Despite all that day was to Mikey, the end of his Plebe year, the addition of a stripe to his uniform; all it was to Alexes, graduation, the moment that meant the most to each individual was a moment spent showing pride and respect in the accomplishments of the other.
Alexes and Mikey were my heroes before they ever left high school. My heart swells with pride at the thought of knowing that their presence at the Naval Academy will also make them heroes in the eyes of the nation.
On our fireplace mantel there is a small urn made of clear, tinted glass. The glass is held closed by a cork placed firmly in the top. There is a handful of sand in the glass that Cassandra gave me as an anniversary present. The sand came from Santa Monica Pier #25, the place where I first whispered into her ear, I love you. The place where she, after some small argument that I didn’t know what love is, responded, I love you, too.
Our lives are marked by conscious decisions. We made a conscious decision to conceive Alexes, to marry without telling anyone, to move to Seattle without any money, to finish our educations, to stay together… We must have been completely insane to make some of those decisions, to take those risks. But, not one of those decisions was taken lightly. Every move we made, we discussed at length, and every decision we made was better than our perception of the alternative. When we chose to conceive Alexes, it was a decision to be together as a family, and every single decision thereafter was based on that single premise: stay together as a family.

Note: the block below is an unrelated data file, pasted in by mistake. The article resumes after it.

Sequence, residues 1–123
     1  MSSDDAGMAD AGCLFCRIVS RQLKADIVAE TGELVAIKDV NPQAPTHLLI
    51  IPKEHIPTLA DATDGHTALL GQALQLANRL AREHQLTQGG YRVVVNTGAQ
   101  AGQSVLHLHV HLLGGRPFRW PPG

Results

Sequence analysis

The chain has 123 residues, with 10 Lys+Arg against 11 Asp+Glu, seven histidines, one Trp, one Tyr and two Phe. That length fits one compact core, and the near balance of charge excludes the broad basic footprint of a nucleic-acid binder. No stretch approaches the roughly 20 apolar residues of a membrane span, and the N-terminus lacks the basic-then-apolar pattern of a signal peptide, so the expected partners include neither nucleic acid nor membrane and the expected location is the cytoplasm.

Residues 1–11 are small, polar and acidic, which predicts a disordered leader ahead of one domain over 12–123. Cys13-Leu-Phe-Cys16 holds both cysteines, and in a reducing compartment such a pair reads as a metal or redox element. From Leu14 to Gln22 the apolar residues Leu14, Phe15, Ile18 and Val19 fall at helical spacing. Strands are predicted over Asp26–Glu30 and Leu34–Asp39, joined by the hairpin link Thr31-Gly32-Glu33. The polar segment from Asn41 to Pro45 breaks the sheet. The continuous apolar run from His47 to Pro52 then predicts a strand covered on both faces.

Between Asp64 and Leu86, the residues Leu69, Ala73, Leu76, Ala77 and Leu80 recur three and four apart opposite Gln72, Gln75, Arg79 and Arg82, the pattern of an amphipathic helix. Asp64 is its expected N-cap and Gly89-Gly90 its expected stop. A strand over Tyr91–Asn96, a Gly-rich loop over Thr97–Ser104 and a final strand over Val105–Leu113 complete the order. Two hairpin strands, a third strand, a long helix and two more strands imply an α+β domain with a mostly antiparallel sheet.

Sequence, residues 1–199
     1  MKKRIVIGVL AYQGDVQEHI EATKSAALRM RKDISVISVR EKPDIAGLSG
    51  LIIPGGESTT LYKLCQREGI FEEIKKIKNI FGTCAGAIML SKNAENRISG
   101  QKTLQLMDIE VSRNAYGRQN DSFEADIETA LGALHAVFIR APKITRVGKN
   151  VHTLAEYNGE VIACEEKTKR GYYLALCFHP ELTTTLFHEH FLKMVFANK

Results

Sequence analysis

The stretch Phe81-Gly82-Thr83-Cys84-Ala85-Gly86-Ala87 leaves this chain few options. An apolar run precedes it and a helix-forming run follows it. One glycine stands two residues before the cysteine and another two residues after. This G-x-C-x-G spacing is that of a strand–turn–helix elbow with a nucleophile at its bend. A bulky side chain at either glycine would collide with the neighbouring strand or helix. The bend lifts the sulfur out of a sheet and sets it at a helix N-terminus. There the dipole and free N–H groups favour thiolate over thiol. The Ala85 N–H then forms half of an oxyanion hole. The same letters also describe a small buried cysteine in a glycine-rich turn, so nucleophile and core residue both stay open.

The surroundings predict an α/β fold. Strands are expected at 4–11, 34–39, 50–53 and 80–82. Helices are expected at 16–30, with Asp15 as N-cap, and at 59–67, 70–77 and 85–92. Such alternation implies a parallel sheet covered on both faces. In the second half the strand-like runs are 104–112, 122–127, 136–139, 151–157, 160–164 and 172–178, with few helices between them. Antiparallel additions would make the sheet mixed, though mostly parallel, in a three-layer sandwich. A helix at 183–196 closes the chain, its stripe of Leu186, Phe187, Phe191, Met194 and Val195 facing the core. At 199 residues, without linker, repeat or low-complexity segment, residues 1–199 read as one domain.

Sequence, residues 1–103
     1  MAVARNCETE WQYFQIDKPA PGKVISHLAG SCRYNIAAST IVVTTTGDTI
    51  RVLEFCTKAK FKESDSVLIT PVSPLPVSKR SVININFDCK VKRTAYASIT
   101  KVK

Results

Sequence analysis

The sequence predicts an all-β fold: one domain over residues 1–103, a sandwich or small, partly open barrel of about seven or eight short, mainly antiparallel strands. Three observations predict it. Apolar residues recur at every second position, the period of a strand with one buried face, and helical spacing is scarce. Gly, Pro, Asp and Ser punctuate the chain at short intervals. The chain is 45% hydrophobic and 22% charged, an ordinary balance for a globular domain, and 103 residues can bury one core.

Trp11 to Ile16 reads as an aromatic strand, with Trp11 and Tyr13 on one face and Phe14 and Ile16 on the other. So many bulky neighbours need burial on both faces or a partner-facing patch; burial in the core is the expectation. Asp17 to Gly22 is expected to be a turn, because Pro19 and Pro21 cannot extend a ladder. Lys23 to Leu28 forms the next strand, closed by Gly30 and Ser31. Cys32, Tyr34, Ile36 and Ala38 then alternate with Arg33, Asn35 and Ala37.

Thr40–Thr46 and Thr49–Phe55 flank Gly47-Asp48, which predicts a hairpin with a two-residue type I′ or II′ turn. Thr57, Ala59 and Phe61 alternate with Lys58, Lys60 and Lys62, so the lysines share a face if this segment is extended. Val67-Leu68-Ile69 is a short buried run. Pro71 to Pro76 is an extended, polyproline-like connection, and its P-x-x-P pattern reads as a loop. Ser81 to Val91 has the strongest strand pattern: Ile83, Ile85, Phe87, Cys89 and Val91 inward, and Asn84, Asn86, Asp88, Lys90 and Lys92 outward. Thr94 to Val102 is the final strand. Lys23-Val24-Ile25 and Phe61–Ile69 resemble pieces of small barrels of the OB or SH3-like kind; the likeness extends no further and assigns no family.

It’s no surprise Mike and I argued about even how to start writing this book. Anybody who knows us, knows that we, each in our own way, are stubborn, opinionated, and passionate.
Even if a single soul never reads this book, we wanted to document how amazing our kids are and how they overcame our blunders and stupidity. To say they are both Midshipmen (or Graduates!) at the United States Naval Academy , knowing our past, is nothing short of a miracle. This book is our love letter to Alexes and Mikey, our Warrior Princess and our Gentleman Warrior.
This a love story about four people, not two.